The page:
With student loan debt having reached $1 trillion, according to the Consumer Financial Protection Bureau, the red in students’ bank accounts may continue to darken.
The average student at a public college will accrue $20,000 in student loan debt, according to a Senate Health, Education, Labor and Pensions Committee report, in the time to complete a degree. Comparatively, University students in 2010 owed an average of $4,062 less than the national average, with the state of Georgia being the seventh best school for lowest average loan debt, according to Project on Student Debt.
Marianne Fortuna, an accounting lecturer at the University, said she estimates the cost of public education to reach $30,000 per year by the year 2020, applying an increase of 3.5 to 4 percent annually.
“I believe the high rate of student loan debt is the result of several factors [including] ease of obtaining federal education loans, the push for higher education in a down economy and the proliferation of non-accredited higher education opportunities,” Fortuna said.
Ariel Patterson, a sophomore health promotions major from Manchester, said she believes she will have $30,000 in student loan debt after she has completed all of her educational training.
“After I graduate, I will need to go to graduate school to be an occupational therapist,” Patterson said. “I plan on liking what I’m doing and paying it off in a few years after that.”
The report, labeled “For Profit Higher Education: The Failure to Safeguard the Federal Investment and Ensure Student Success,” was published on July 30, analyzing post-secondary education and the debt it leaves behind. Sen. Tom Harkin (D-Iowa) led the committee, highlighting the explosive 225 percent growth of enrollment at for-profit colleges between 1998 and 2008 and the higher debt amassed at these institutions.
“Federal law and regulations currently do not align the incentives of for-profit colleges,” the report said, “so that the colleges succeed financially when students succeed.”
Students of for-profit colleges account for 47 percent of all student loan defaults, according to the U.S. Department of Education, with public schools representing 42 percent. The Association of Private Sector Colleges and Universities issued a statement following the report’s release, taking the report to task on four factual inaccuracies, including issues with retention rate and debt statistics.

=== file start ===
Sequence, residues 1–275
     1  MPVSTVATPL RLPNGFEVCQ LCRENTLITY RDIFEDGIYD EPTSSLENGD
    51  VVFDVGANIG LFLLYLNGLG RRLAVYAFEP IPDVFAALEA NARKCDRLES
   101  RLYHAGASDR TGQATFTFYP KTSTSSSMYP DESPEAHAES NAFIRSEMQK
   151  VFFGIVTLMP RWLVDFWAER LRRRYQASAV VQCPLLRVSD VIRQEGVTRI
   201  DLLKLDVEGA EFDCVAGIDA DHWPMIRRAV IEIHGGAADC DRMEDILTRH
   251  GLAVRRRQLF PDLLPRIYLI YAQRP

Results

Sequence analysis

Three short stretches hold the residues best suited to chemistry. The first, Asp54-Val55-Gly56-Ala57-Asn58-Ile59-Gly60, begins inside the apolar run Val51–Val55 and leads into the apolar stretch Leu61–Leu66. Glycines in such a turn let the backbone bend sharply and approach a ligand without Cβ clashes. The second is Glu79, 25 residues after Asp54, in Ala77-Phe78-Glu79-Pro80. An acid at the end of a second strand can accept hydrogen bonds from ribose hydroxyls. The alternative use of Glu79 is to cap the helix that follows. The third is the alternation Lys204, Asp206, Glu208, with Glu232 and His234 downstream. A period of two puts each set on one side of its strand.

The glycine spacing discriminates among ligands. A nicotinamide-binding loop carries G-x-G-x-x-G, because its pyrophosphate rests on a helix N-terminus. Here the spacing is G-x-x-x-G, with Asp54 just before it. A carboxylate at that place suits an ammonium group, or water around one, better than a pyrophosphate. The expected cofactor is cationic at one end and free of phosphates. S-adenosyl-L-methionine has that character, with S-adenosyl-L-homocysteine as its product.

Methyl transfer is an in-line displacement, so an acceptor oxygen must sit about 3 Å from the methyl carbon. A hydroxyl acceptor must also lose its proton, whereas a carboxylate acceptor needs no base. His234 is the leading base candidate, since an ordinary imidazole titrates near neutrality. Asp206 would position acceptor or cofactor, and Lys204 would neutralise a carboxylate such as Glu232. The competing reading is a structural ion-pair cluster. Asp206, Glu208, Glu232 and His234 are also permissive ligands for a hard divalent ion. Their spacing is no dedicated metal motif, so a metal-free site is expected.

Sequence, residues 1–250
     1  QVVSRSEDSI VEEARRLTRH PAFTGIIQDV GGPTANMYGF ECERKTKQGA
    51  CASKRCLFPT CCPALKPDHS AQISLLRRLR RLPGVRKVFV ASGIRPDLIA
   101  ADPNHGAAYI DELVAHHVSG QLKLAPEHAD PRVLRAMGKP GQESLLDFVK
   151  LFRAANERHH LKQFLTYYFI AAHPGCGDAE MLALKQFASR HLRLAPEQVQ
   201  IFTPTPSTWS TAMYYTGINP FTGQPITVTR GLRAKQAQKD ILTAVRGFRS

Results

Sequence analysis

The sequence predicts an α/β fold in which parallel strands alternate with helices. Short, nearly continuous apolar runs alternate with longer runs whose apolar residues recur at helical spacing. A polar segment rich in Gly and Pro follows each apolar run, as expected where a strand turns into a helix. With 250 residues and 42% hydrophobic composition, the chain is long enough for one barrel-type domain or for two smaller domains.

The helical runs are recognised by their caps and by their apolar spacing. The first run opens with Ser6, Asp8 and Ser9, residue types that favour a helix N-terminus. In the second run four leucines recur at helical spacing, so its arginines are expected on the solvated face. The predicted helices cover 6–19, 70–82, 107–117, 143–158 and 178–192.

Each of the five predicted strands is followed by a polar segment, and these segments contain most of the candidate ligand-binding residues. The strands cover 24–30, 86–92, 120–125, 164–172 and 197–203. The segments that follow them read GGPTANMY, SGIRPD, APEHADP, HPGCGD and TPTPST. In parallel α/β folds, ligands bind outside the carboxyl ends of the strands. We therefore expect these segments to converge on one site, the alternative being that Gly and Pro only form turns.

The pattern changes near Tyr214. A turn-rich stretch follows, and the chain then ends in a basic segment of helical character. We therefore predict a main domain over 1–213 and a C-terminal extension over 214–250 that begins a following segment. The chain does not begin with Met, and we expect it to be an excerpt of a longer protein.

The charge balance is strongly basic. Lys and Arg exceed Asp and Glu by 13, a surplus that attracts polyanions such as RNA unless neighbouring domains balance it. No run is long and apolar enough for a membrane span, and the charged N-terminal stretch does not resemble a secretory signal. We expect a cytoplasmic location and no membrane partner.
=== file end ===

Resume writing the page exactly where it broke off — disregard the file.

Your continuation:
“Unfortunately, Senator Harkin’s report continues in the tradition of ideology overriding reality,” the APSCU wrote. “The report twists the facts to fit a narrative, proving that this is nothing more than continued political attacks on private sector colleges and universities.”
Both campaigns have made reference to ebbing the rising tuition and student debt rates in the country but with few specifics. The Department of Education, led by Secretary Arne Duncan, has asked for a $1 billion investment for the first year of “Race To The Top: College Affordability and Completion” to allocate “competitive grants to States with strong records of, and commitments to, increasing college affordability and quality, and...value.”
In “A Chance for Every Child,” the Republican nominee Mitt Romney’s education plan, Romney said he wishes to “embrace a private-sector role in providing information, financing and education itself, working with effective businesses to support the goals of students and families.” The plan also wishes to “allow consumers in the market to make their own choices while providing the information to make those choices well” and to “support institutions that are pursing innovative operating models to drive down costs.”
To make smart, economical decisions regarding their education, Fortuna said she advises student to look at graduation rates and funding to make the best choice.
“My recommendation would be to choose an accredited institution which has a good track record of placing their students upon graduation, only borrow what they absolutely need and supplement with an on-campus or part-time job to allay additional expenses,” Fortuna said. “There is no set rule that [students] must graduate in four years so if their supplemental income reduces the need to borrow, take a little longer to graduate.”